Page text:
'All Politics Is Local' Has New Meaning in Yugoslavia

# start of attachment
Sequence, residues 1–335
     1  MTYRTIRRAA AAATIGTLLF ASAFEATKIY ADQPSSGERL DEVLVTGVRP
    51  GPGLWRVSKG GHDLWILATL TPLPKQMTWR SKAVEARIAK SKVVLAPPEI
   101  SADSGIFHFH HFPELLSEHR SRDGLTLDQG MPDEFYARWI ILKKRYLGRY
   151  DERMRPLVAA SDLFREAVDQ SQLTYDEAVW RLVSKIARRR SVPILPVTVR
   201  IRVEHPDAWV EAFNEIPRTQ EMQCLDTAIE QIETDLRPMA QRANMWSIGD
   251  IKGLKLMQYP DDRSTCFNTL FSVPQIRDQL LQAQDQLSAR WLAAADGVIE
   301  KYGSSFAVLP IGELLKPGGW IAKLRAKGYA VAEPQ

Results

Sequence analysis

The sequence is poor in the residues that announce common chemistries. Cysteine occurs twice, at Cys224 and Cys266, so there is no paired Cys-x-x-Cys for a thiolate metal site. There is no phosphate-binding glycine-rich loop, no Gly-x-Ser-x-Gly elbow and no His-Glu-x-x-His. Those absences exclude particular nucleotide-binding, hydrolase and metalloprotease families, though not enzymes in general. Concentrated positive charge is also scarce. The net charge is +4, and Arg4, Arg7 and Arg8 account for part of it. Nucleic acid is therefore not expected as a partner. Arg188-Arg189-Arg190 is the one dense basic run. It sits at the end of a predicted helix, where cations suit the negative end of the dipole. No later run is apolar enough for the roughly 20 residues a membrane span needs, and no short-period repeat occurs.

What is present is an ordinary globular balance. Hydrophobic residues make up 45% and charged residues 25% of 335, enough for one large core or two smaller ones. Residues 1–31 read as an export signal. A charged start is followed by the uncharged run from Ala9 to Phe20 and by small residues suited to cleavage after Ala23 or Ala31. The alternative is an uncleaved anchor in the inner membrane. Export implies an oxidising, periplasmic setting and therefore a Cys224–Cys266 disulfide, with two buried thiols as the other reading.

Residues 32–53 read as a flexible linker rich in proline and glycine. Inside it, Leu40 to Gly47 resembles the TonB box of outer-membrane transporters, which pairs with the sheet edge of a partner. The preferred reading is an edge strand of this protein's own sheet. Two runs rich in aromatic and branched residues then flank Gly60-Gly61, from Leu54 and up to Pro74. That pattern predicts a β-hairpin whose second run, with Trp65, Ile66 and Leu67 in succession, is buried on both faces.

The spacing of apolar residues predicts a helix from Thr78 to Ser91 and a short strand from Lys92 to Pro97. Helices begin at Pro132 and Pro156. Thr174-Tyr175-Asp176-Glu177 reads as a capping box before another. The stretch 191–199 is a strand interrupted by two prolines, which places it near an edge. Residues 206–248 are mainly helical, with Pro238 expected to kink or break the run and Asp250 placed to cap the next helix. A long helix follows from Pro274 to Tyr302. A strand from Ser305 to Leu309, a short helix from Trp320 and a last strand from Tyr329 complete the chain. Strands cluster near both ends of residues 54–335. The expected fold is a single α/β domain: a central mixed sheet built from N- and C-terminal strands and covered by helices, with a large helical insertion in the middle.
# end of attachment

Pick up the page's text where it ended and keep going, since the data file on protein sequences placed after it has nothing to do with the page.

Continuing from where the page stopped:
INTERNATIONAL observers watch anxiously for the latest chapter in the long-running Yugoslavian drama. Leaders from the breakaway republic of Slovenia have met with federal authorities, and mediators from the European Community continue to press for a compromise peace plan.But the question remains: Can the republic leaders cool seething ethnic rivalries enough to avoid a melt-down of this Slavic amalgam created by Woodrow Wilson in the aftermath of World War I? The source of the conflict is a affliction called nationalism that awakened from dormancy with the death of Yugoslav ruler Josip Broz Tito in 1980. The Balkan strain of nationalism is insidious, born of subtle distinctions among the Slavic peoples of southeastern Europe, exacerbated by 1,000-year-old memories of imperial grandeur, and inflamed by a visceral need to redress a wide range of atrocities and indignities (both real and imagined). Throughout the country, politicians incite nationalist fervor to gain support for their cause. Although monumentally misguided, the Serbian strategy to block the ascent of the Croatian representative in the federal presidency exactly four days before Croatians voted overwhelmingly to secede from the fragile union was utterly in character. Yugoslavia brings new meaning to the phrase "all politics is local." Regional disputes go to near-ridiculous lengths. There is even controversy over the location of Tito's grave. For all his faults, Tito held the country together for more than three decades. Now the Serbs want to send his remains back to Croatia (because he was a Croat), and the Croatians decline to accept them (because he was a communist). Even so, at least some Yugoslavians recognize the seriousness of diverting attention from the imperative of implementing political and economic reforms. Yugoslavia's ties to the West as the leading nonaligned nation, and Prime Minister Ante Markovic's economic reform initiative, led to widespread optimism during 1990. But unless the present political situation can be stabilized, it is doubtful the various republics can effectively implement reforms. At a recent public forum, Ante Cicin-Sain, governor of the National Bank of Croatia, acknowledged the theoretical soundness of the Markovic plan, but accused Serbian Deputy Prime Minister Slobodan Prohaska and his compatriots of lacking the political courage to implement the monetary reforms essential to stabilizing exchange rates and prices. Mr. Cicin-Sain charged that the Serbians flagrantly undermine national monetary policy with their local fiscal policy, by granting generous subsidies to collective farmers and by retaining other vestiges of the discredited communist system. The political turmoil has already had quantifiable costs for Yugoslavia. Though it has never missed an interest payment on its national debt, Yugoslavia is unable to borrow money for capital projects because of a lack of creditor confidence, while Hungary (with a far larger debt burden) continues to have access to international markets. PERHAPS we should not expect too much of a country whose national airline reserves the entire left side of the plane for passengers who smoke. Given the political landscape of Yugoslavia, it is tempting to shrug our shoulders. But this is dangerously shortsighted, since the country's breakup could bring broader instability bred by civil war and a return to totalitarianism in the region. The West can offset these tendencies by initiating cooperative regional arrangements to make clear to the Yugoslavs that dialogue and peaceful resolution of conflicts will be rewarded. One such effort involves the governments of Italy, Austria, Hungary, and Czechoslovakia, as well as Yugoslavia, in the so-called Pentagonal Initiative, which may serve as a prelude to association with, or membership in, the European Community. But before that can come, the seemingly intractable ethnic conflicts must be resolved. This can only be accomplished by the Yugoslavs themselves. Leaders in the country must recognize that, despite their differences, they are in a far stronger position to seek and receive economic assistance if they can quell the warring ethnic factions and establish long-term political stability. It is often said that "Yugoslavia makes far more history than it can possibly use," and this tradition has never been more evident. These days, many ask whether Yugoslavia, as a nation, makes any sense. I put that question to one of the new reform-minded ministers of the Macedonian republic. "Yes," he said unhesitatingly, "Yugoslavia makes sense culturally, economically, linguistically, and even ethnically. We are all South Slavs. It is just stupid politics that is tearing us apart."

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